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Volsci, people of ancient Italy. The Volsci first become prominent in ancient historical narratives of the early 5th cent., when they overran southern Latium and occupied the Monti Lepini, most of the Pomptine plain, and the coastal region from Antium to Tarracina. That the Volscian presence in this area was a new phenomenon is suggested by the traditional accounts of Roman hegemony in southern Latium in the late 6th cent., itself confirmed by the text of the first treaty between Rome and Carthage (Polyb. 3. 22, 509 bce). The story of Marcius Coriolanus also points to a vigorous Volscian offensive at this time, and recent excavations at Satricum (1) (Lat. Pometia), indicate changes in the early 5th cent. which can be explained by the arrival of new people. Satricum became one of the chief Volscian centres; others were Ecetra, Antium, Velitrae, Circeii, and Tarracina (which they renamed Anxur).

The Volsci are generally considered to have been an Italic people who migrated to southern Latium from the central Apennines; this is partly confirmed by the presence of another branch of the Volscians in the middle Liris valley, around Sora, Arpinum, and Atina (Livy, 10. 1). It is also consistent with linguistic evidence provided by the tiny handful of surviving Volscian inscriptions, especially a bronze tablet from Velitrae known as the tabula Veliterna (Vetter, no. 222), dating from the 3rd cent. bce and written in a language similar to Umbrian (see italy, languages of).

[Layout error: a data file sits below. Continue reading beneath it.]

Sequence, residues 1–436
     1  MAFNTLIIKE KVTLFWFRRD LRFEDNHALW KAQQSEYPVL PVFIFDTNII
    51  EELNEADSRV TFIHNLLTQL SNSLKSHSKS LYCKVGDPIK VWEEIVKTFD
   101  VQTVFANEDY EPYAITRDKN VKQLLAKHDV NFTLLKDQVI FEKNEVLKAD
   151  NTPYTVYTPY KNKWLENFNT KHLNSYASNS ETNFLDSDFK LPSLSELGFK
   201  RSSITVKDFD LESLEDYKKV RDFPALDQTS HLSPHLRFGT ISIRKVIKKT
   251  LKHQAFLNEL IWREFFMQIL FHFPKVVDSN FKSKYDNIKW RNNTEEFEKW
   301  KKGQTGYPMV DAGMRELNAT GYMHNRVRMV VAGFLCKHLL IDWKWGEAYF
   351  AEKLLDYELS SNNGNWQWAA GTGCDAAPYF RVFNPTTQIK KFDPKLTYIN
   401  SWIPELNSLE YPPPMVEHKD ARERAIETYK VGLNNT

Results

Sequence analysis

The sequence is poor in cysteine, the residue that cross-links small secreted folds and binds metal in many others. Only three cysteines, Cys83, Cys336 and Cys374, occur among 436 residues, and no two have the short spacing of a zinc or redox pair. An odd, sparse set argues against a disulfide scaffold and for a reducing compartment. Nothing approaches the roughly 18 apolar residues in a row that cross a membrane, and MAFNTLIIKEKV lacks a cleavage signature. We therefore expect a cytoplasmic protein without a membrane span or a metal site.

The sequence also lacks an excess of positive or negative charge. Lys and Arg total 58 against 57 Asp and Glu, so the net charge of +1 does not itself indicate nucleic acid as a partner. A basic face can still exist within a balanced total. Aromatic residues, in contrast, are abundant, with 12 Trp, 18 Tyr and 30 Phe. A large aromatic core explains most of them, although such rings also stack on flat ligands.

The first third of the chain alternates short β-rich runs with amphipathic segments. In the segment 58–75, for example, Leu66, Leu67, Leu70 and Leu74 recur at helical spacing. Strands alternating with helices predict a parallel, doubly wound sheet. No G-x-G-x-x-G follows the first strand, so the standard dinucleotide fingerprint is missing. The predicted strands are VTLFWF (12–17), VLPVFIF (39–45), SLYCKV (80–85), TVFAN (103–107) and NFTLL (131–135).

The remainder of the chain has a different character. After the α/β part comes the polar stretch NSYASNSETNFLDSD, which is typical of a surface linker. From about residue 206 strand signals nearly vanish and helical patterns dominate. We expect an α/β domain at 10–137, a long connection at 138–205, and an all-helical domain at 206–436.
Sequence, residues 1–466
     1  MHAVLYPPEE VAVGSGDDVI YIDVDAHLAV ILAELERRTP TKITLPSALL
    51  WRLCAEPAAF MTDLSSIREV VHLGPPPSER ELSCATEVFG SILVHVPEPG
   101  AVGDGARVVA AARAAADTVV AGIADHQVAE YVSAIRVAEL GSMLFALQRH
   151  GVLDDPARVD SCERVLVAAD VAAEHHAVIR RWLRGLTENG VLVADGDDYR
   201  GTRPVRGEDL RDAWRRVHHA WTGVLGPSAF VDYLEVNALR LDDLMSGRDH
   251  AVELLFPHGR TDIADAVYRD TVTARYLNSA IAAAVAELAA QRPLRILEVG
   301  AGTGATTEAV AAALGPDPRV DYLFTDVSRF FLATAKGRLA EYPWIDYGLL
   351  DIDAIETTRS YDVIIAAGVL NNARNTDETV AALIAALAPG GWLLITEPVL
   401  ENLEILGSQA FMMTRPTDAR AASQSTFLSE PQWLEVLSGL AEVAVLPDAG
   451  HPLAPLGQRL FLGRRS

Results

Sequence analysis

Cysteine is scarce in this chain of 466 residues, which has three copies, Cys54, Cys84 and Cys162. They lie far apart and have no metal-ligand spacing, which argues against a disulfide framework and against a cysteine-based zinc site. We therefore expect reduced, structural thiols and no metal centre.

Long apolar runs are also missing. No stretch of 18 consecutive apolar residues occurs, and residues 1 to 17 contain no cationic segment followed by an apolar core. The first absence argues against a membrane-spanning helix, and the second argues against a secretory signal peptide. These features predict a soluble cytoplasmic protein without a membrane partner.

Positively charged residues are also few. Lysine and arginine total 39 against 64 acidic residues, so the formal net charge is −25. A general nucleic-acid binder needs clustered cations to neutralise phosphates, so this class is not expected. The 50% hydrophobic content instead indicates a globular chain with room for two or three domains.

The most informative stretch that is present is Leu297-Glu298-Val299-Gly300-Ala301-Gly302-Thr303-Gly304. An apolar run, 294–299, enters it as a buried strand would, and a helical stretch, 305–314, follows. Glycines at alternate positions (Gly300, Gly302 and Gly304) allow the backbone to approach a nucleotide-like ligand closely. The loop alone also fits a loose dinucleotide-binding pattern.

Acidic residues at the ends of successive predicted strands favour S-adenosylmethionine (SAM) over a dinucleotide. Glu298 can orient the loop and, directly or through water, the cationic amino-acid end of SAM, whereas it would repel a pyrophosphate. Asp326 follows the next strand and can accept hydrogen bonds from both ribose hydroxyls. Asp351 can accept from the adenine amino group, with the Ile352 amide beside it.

During the 5th cent. the Volsci frequently attacked the territory of Rome and its Latin allies, often in concert with the Aequi. Both peoples were heavily defeated in 431, however, after which their raids virtually ceased. At the end of the 5th cent. and the first decades of the 4th the Romans took the initiative, and gradually conquered the Volsci, founding Latin colonies (see colonization, roman) at Circeii (393), Satricum (385), and Setia (382), and annexing the Pomptine plain (the territory of the tribe Pomptina) in 358. The Volsci opposed Rome in the Latin War, but were defeated by C. Maenius in 338. The Volsci of the Liris valley were conquered during the Second Samnite War (see rome (history); samnium, and Sora became a Latin colony in 304. After that they were rapidly and thoroughly Romanized. C. Marius(1) and Cicero (both from Arpinum) seem Roman enough.


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    E. Vetter, Handbuch der italische Dialekte (1953), 1. 156.Find this resource:

      E. T. Salmon, The Making of Roman Italy (1982), 9 ff.Find this resource:

        T. J. Cornell, Cambridge Ancient History 7/2, 2nd edn. (1989), 281 ff.Find this resource:

          F. Coarelli, in Crise et transformation des sociétés archaïques, Collections de l'École française de Rome 137 (1990), 117–133.Find this resource:

            M. Cristofani and others, I Volsci, in Archeologia Laziale 11/1 (1992).Find this resource:

              L. Quilici and S. Quilici Gigli, I Volsci (1997).Find this resource:

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